The congresswoman, a native of Birmingham, Ala., worked on former Los Angeles Mayor Tom Bradley's unsuccessful 1982 gubernatorial campaign and other local races as a volunteer before getting elected to the Carson City Council in 1990. She went on to serve in the California state Assembly, and in 1996 sought a U.S. House seat during a special election. She won a full House term in November 1996 and has subsequently won re-election easily.

Millender-McDonald has recently worked on issues including election reform and opposing the genocide in Darfur. She drew national attention in 1996 when she took then-CIA director John Deutch to Watts to address the community following a newspaper report alleging that profits from domestic sales of crack-cocaine were funneled to the CIA-backed Contras in Nicaragua.

This year, Millender-McDonald became chair of the Committee on House Administration, which oversees operations of the House and federal election procedures.

She is survived by her husband, James McDonald, Jr., and five adult children. At the end of the day, all of the accolades and honors don't matter much. It all comes down to family. I urge all villagers to keep her family in our prayers this week.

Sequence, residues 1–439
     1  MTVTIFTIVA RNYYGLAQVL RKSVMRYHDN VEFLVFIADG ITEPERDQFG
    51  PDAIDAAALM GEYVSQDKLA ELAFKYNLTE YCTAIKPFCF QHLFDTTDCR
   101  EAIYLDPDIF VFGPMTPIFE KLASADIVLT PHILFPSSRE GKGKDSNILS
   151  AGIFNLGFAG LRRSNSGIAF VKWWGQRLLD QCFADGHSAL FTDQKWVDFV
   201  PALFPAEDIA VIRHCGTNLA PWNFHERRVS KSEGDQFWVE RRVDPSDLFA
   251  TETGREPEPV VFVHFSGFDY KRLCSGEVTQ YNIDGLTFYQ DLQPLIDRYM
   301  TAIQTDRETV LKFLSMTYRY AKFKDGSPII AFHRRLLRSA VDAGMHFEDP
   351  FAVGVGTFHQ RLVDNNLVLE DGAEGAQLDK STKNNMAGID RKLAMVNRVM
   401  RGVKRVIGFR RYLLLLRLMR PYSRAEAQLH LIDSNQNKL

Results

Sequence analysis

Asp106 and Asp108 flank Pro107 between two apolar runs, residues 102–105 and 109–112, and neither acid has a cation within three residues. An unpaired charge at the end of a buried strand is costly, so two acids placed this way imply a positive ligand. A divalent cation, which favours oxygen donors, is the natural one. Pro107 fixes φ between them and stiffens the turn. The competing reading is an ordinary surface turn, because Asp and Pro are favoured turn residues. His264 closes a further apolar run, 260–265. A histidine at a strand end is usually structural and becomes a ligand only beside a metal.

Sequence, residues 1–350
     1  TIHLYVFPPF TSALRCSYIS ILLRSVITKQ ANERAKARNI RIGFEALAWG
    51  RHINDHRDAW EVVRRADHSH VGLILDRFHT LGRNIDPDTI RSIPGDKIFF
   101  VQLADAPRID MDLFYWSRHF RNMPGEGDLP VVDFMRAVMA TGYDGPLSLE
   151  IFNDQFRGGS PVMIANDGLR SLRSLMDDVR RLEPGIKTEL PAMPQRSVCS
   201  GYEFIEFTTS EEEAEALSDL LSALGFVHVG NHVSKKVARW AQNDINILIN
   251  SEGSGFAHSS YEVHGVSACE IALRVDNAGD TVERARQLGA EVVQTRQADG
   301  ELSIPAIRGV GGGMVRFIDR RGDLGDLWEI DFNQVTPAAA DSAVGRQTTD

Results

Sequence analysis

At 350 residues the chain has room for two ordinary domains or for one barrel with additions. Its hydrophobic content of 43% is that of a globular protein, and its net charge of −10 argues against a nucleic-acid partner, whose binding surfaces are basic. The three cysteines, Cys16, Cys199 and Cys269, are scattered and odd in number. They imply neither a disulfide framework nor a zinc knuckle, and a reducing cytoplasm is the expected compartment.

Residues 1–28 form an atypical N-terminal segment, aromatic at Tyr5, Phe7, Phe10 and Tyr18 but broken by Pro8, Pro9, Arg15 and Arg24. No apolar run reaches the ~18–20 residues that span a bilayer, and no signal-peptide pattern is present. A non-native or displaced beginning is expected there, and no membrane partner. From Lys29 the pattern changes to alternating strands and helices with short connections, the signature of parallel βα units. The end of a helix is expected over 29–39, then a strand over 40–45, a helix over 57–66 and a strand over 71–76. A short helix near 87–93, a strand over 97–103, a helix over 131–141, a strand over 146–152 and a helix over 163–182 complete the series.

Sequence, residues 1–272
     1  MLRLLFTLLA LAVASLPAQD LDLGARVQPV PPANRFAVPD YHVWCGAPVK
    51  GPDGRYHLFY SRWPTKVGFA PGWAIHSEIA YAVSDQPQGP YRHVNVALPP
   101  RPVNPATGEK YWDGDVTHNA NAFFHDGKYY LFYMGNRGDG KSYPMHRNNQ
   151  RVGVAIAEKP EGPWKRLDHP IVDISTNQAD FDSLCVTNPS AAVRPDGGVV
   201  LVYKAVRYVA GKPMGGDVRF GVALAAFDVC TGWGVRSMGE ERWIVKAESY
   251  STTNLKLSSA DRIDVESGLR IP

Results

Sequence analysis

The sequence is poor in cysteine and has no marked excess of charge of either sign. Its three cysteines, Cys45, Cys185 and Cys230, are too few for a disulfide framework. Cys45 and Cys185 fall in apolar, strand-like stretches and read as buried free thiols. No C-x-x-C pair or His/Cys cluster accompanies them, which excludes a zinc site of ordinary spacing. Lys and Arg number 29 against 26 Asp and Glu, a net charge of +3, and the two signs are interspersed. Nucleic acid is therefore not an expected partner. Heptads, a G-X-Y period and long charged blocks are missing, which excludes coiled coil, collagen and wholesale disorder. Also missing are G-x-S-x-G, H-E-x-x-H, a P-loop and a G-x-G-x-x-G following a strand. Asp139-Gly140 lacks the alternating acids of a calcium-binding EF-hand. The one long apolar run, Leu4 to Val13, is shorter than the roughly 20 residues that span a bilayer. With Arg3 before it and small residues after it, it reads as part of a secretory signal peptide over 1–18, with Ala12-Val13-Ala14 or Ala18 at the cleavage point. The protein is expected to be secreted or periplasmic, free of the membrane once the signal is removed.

April 21, 2007

We are 98,648 and rising!

The Electronic Village reached a milestone today. Technorati ranks our blog as one of the top 100,000 in the world. Today (4/21/07) we ranked: 98,648. Only another 98,639 blogs to pass in order to reach the Top 10! Doesn't seem like much until you realize that we were at about 2.3 million a few weeks ago!

Our rise in rankings on Technorati is result of a number of factors including the increased focus that we place on information that is uplifting for African Americans. My observation is that the traditional media is not fair and balanced when it comes to reporting on issues that impact the Black community. As such, our Electronic Village provides a welcome outlet for positive, proactive and honest dialogue on these issues. We will continue to move in that direction over the coming weeks.

The number of visitors to the Electronic Village continues to grow. Our decision to join social networking communities such as MyBlogLog led to increasing number of bloggers and blog readers coming to visit our village. We have never been a 'hot community' in the MyBlogLog family, however, we do consistency reach out to a growing number of 'contacts' in that venue. Currently, we have over 540 'contacts' from MyBlogLog community ... including most of the African American bloggers that we could locate based on their blog content or avatar photo. MyBlogLog has some useful widgets and statistics as well.